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Himalayan archaeological researchersí conference honours Peter Van Ham
By Tsewang Rigzin, Tuesday, August 1, 2017

A daylong seminar on archaeological research in the western Himalayas with a focus on Ladakh was held in honour of German author and photographer Peter Van Ham for his 30 years of journey and extensive research in the western Himalayas on July 22 at Centre for Archaeological Studies, Ranbirpur, Leh.  

Giving a presentation about the contribution of the great translator of the 9th- 10th Century Lotsawa Rinchen Zango in regions of the western Himalayas, Peter Van Ham said Alchi, of course, is the gem of the period of Rinchen Zangpo and urged for its proper documentation.  

“There is an urgent need to document this place and all other places also because you never know what’s going to happen,” he alerted, citing examples of how heritage sites were destroyed in other parts of the world. 

In the last 30 years, Peter has documented several monasteries in the western Himalayas associated with Rinchen Zangpo. He is planning to document Alchi also if all necessary permissions are granted. 
“There are so many issues with Alchi.  There are unclear inscriptions which have never been read or analysed. There might be over paintings like the Drigung Kagyudpa School in the 12th century was taking over Alchi”, Peter Van Ham said, suggesting that with infrared photography one can look through layers of paintings without affecting anything.

The daylong conference was an initiative of Dr. Sonam Spalzin from the Archaeological Survey of India and Dr. Sonali Gupta-Agarwal, Director (programmes) Cotsen Institute of Archaeology, University of California Los Angeles.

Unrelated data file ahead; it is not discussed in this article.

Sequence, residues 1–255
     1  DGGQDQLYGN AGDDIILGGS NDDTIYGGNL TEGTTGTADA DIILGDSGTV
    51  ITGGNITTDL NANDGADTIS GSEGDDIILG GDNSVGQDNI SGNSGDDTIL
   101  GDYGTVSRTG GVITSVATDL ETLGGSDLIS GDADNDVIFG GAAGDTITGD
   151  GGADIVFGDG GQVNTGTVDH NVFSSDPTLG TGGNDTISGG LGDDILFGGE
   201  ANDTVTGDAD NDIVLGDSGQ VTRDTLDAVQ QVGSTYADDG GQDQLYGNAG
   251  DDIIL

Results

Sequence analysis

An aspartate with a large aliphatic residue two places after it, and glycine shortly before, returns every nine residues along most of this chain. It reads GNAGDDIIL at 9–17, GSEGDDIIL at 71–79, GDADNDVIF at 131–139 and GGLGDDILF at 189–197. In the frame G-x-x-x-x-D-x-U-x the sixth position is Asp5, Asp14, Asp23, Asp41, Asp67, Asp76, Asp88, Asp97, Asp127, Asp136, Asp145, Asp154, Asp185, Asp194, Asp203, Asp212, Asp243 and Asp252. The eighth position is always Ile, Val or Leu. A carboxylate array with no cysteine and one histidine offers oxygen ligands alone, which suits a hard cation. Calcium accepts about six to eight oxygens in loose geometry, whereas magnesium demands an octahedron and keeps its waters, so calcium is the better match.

Dr. Sonali Gupta gave a brief introduction about the vision and relevance of the new venture called the Archaeological Institute of Himalayan Studies that both of them have embarked upon. 

Dr.  Sonam Spalzin, who has authored two books ‘Shesrigs’- discourses on archaeological and cultural identity and ‘gSter-rNying’ – archaeological remains of Ladakh, briefed about the archaeological view of Ladakh region from pre-history to the present.    She said the recent archaeological discovery in Saser that dates back to 8500 BC (more than 10,000 years ago) makes Ladakh more important and interesting for archaeological studies.
Dr. Dawa, CEC appreciated all who are engaged in the preservation and conservation of Ladakh’s heritage.  While appreciating Dr Spalzin, CEC promised to provide her assistance from LAHDC for the efforts and contributions being made by her in the field of archaeology in Ladakh. 

Dr. Dawa acknowledged that today people from different parts of the world are visiting Ladakh to see its rich cultural heritage and therefore it is imperative to the people of Ladakh to preserve this heritage.
Dr. Monisha Ahmad, Director LAMO talked about adaptive reuse of heritage building as LAMO itself is housed in a heritage house after proper restoration and it has now become a centre for cultural exchange, exhibition and learning. 

While giving a presentation about petroglyphs found in different parts of Ladakh, Prof Tashi Dawa of the EJM College urged for the need of heritage conservation as he has seen many petroglyphs and other heritage sites being destroyed in the name of development.  Stating that there is no single body that presently represents the interests of heritage conservation in Ladakh, Dawa suggested that Ladakh can have its own heritage committee/authority under the aegis of LAHDC.

Tsering Angchuk Hornak, Convenor Ladakh Chapter INTACH presented his experience of conservation of historical Basgo Castle – the initiative later bagged UNESCO award for conservation. 

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